New pitches on the rise for some Marlins hurlers

February 5th, 2024

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The countdown to Spring Training has hit the two-week mark (less than that, technically). As such, it’s becoming apparent that it’s New Pitch Season for a few Marlins hurlers. Here’s a breakdown of those pitchers, their new offerings and what those could bring to their repertoires. Beware, this is a numbers-heavy task -- but I promise it’s worth it.

New Pitch: Splitter

Quote: “[I’ve been] working on a splitter a little bit, so hopefully that comes into play this year. I’ve always thrown a changeup, just changed the grip a tiny bit, gave it a little more movement.”

Last season, Nardi developed into a stellar setup man, with one of the best strand rates among relievers -- his 86.4% mark ranked seventh among relievers with at least 50 innings pitched, behind the likes of Bryan Abreu (sixth, 87.6%), Josh Hader (third, 88.8%) and Chris Martin (first, 93.6%). Incorporating a solid third pitch (Nardi already has a changeup in his mix, but he only threw nine of them last season) might not seem necessary, but baseball is constantly evolving and a splitter could give Nardi the edge he’s looking for.

My colleague Mike Petriello penned an excellent article about splitters -- give it a read here. His main point: splitters are making a resurgence and could be the pitch of 2024.

For Nardi, a splitter could help increase his K% (30.8%, in the top 8% of the league in 2023), working well off his four-seamer to get more swings and misses. Out of the hand, a splitter -- like a slider -- has the same movement toward the plate as a fastball, until it gets close to the plate and breaks downward.

Nardi already utilizes a slider as his main secondary pitch, playing it off the four-seamer to the effect of a 26.5% putaway rate and a 35.5% whiff rate (in 2023, his fastball had an 18.6% putaway rate and a 25.2% whiff rate). But the slider has more horizontal break than a splitter, so introducing a splitter could give Nardi an extra tool to keep hitters guessing.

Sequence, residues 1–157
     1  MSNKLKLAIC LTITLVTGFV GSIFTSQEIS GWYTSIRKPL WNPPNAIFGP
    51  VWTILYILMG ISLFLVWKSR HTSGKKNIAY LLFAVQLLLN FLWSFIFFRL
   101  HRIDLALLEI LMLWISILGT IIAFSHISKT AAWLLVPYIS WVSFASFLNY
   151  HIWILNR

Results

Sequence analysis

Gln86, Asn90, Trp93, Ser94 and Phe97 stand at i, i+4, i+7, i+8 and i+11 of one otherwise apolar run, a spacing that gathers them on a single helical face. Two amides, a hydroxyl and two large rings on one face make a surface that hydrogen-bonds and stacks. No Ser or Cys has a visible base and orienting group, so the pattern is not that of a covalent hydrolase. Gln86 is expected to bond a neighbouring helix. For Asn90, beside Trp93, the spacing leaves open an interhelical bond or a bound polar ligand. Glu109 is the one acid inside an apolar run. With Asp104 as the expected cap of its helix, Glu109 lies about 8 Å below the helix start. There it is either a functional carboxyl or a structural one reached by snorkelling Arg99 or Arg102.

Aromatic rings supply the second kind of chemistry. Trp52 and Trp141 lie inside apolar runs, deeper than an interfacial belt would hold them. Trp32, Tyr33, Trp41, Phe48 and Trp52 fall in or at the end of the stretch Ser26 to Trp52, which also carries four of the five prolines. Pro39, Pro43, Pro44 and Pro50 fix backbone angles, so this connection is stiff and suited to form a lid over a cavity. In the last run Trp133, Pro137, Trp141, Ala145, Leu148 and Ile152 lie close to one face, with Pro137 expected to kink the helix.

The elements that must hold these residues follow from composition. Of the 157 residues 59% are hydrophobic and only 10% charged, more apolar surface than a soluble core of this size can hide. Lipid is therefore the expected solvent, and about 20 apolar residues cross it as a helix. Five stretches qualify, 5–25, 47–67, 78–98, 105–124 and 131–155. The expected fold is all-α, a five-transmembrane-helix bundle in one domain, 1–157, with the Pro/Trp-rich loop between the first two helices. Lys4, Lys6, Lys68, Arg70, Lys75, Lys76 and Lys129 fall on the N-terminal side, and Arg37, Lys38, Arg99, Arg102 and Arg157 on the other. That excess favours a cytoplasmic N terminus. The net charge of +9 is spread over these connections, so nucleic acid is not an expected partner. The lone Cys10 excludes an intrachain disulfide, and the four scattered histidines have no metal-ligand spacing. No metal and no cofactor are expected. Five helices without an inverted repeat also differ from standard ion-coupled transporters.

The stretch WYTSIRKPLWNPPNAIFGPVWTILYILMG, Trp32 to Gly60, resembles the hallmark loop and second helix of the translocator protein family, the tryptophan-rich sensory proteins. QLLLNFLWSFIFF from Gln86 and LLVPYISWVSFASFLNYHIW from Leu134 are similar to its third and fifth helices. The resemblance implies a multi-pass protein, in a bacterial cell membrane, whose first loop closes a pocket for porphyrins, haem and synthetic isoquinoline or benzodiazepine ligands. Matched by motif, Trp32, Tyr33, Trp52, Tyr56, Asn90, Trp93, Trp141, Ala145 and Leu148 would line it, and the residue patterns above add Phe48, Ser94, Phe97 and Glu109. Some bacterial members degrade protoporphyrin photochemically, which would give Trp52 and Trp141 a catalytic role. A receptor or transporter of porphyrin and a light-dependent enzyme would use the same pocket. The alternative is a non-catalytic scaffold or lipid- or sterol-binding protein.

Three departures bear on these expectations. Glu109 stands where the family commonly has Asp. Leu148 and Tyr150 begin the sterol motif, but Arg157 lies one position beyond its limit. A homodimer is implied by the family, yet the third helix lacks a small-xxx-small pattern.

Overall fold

New(ish) pitch: Changeup

Quote: “[My offseason work has been to] keep my same delivery and just sharpen everything, really. … Keep the slider sharp, maybe make a few adjustments with it. And especially the changeup, that’s the pitch I feel like I tell you guys every year I’m working on.”

Garrett had a breakout 2023, becoming one of the Marlins’ most reliable starters after beginning the year out of the rotation and in the bullpen. In his first full season in the Majors, Garrett made one relief appearance before moving into the rotation due to injuries, finishing the season with a 3.62 ERA as a starter (30 starts, 156 2/3 innings). His consistency late in the season was a big reason why the Marlins found the success they did.

Garrett ran into some stumbling blocks, though, as he posted a 5.46 ERA in May and a 5.92 ERA in July. Garrett is likely to be in the mix for the Marlins’ rotation, but building his changeup into a more dominant pitch would certainly help.

In 2023, Garrett’s changeup -- which made up 8.8% of his pitches -- had a 32.7% whiff rate, but just a 17.9% putaway rate. That’s a difference of almost 15 percentage points. Granted, his best pitch by whiff rate -- his slider -- also had a drastic gap between whiff and putaway rate (40.7% vs. 22.6%, about 18 percentage points). To put that in context, Nardi’s previously discussed slider had a difference in whiff rate and putaway rate of just nine percentage points.

Garrett already has a pretty well-mixed repertoire of six pitches, two of which he uses most: his sinker (31.5%) and his slider (25.9%). Increasing his changeup usage could turn it into a stellar putaway pitch.

New Pitch:
Two-seam fastball

Quote: “I feel like everything’s really good right now; I’ve added a two-seamer consistently now, got some really good separation off the four-seamer and then some really good separation off the changeup.”

Weathers was acquired by the Marlins at the Trade Deadline last season, making just three starts for Miami down the stretch. He also pitched 1 1/3 scoreless innings in the postseason.

But Weathers doesn’t have a definite spot in the Majors yet. Across 15 games (12 starts) between Miami and San Diego, Weathers posted a 6.55 ERA and a .305 opponents’ batting average.

He has potential, though. Once he was in the Marlins’ system, Weathers made seven starts at Triple-A Jacksonville, with a 2.54 ERA and a 1.08 WHIP. He doesn’t have a huge repertoire to work with. Weathers relies on a four-seamer (56.1%), while turning to his changeup (23.6%) and sweeper (20.3%) and his secondary pitches.

Adding in a two-seamer, which is slower but has more movement than a straight-in four-seamer, could help his changeup and sweeper do more dirty work and thus raise his strikeout rate (17.4%). Weathers started to notice improvements once he was in the Marlins’ system last year, and he has continued to develop this offseason. The big question for Spring Training will be whether that two-seamer can play and whether it can play at the big league level.